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Maryland Court of Appeals Grants Certiorari To Consider Admissibility Of Medical Testimony In Mold Cases

The Maryland Court of Appeals has granted a petition for certiorari and agreed to hear an appeal from a decsion of the Court of Special Appeals ruling that certain expert testimony is not admissible to support medical clams arising from exposure to mold and other environmental byproducts of damp buildings.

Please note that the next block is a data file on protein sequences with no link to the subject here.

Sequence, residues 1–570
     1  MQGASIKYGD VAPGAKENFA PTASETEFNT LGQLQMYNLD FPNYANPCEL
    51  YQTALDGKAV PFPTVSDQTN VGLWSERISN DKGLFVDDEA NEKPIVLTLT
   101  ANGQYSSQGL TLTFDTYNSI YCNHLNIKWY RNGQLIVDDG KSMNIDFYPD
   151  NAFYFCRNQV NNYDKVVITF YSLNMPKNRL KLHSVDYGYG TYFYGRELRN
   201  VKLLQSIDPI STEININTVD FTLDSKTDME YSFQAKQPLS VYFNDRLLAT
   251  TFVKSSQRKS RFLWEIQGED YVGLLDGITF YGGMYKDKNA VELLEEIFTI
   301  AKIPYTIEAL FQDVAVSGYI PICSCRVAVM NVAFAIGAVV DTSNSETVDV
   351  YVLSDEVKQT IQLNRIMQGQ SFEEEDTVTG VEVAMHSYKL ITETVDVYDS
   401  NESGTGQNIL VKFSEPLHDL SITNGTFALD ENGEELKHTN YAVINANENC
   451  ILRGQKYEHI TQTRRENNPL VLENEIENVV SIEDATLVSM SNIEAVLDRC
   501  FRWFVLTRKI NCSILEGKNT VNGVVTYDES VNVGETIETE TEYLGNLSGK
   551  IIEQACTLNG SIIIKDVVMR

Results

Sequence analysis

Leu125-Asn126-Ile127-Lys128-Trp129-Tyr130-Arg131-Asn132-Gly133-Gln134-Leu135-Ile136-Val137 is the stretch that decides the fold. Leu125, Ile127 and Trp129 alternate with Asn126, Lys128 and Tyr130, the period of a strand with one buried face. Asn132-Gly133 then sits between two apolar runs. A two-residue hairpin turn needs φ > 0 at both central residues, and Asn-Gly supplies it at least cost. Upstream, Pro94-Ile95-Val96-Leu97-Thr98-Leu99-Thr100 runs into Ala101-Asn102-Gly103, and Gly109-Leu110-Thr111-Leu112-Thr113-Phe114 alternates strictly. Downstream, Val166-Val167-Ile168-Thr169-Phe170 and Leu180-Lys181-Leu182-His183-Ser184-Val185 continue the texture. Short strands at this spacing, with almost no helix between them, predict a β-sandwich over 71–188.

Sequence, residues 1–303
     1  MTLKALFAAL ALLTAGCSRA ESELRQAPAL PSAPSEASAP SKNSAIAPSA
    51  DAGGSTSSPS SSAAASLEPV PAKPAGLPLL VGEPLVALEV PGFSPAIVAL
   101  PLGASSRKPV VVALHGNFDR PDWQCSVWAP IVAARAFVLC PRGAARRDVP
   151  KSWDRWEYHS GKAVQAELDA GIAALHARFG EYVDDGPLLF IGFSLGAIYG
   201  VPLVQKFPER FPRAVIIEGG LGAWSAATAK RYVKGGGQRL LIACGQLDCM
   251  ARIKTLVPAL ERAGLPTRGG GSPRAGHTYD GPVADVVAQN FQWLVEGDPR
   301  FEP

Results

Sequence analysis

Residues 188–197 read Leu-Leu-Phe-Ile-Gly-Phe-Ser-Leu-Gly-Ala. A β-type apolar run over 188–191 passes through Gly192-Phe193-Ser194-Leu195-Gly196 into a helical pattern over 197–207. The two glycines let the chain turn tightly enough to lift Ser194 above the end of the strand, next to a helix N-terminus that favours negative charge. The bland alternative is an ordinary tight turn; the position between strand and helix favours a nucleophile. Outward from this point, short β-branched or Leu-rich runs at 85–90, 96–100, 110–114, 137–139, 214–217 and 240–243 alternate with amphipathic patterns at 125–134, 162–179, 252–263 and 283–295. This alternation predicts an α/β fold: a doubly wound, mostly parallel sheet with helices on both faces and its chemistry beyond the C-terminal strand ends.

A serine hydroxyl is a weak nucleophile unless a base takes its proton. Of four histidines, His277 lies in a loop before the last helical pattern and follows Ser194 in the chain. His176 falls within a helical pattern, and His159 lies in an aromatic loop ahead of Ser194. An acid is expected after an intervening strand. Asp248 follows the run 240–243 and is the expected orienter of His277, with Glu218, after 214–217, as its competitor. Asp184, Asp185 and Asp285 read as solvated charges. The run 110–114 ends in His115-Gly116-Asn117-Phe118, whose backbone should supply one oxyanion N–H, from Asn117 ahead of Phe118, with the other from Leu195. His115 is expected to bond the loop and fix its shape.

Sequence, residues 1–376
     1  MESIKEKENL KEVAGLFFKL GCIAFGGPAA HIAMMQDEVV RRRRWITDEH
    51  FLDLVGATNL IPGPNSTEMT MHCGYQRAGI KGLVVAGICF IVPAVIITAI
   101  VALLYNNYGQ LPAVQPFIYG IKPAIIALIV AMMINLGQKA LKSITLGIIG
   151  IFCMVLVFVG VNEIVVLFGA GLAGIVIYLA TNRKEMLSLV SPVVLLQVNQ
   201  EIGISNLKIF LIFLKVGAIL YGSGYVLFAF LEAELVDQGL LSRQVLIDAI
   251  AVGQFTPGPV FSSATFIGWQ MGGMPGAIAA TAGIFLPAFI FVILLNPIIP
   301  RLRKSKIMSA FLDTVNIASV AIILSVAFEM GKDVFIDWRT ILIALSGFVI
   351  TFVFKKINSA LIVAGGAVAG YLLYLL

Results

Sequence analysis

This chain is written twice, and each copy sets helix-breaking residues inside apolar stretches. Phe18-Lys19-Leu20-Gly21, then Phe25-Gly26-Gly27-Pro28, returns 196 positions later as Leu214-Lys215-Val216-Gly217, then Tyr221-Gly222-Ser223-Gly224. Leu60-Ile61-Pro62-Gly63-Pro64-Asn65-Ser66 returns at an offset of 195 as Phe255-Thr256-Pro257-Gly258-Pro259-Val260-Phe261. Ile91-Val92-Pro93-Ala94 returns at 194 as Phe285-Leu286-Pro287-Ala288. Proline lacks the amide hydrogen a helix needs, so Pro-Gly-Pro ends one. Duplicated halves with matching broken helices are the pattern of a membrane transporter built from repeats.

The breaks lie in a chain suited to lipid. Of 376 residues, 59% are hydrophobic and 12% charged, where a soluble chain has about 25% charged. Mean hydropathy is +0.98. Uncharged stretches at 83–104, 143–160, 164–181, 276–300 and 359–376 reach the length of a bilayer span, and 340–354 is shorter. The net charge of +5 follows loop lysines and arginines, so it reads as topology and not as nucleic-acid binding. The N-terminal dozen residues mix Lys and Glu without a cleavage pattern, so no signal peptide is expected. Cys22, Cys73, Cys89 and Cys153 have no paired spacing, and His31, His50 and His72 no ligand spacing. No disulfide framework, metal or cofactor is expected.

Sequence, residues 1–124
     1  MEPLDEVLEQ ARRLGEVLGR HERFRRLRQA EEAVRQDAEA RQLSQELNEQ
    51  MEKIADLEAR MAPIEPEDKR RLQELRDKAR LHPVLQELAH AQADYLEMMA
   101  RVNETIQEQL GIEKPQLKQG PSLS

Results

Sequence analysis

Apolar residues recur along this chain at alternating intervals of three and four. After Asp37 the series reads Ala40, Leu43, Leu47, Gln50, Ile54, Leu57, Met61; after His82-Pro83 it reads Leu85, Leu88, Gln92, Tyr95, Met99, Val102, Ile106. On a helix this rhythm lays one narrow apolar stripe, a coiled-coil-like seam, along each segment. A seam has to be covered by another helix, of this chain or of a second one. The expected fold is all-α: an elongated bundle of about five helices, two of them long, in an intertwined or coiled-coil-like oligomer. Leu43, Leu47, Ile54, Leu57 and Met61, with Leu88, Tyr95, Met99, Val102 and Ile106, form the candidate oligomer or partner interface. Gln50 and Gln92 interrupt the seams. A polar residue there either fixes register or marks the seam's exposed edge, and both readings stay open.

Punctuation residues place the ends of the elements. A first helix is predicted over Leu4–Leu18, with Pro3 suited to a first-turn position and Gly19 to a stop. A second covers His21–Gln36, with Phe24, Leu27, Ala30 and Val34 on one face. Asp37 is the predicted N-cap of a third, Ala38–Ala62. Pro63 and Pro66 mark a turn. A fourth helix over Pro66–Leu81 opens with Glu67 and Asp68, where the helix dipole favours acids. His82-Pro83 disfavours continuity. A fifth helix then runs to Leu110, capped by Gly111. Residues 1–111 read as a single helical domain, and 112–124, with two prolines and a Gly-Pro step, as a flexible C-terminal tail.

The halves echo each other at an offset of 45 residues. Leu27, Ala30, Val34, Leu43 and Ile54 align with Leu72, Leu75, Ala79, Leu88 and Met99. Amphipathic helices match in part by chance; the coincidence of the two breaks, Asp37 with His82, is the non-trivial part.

Such claims are often supported by a medical analysis known as differential diagnosis, which as been used by physicians to attribute various medical symptoms to inhalation of mold in water-damaged buildings.  Rather than demonstrating a specific exposure to a specific mold resulting in a specific reaction,  differential diagnosis uses a process that “rules out” or “rules in” possible causes of symptoms a patient is experiencing to determine that their symptoms are related to exposure to mold.  Differential diagnosis has been frequently used to show an association between exposure to mold in wet buildings and certain human health effects.  As was previously reported on this blog, in its opinion in the case of Montgomery Mutual Insurance Co. v. Chesson, the Maryland Court of Special Appeals held that this method is not sufficiently accepted in the scientific community so as to be used as a basis for medical testimony in mold cases.  The Court of Special Appeals reversed a trial court ruling that found such medical testimony to be reliable and admissible.  Maryland’s highest court, the Court of Appeals, has now agreed to review and rule on this issue.  Chesson v. Montgomery Mutual Insurance Co., Case No. 97, Sept. Term 2012.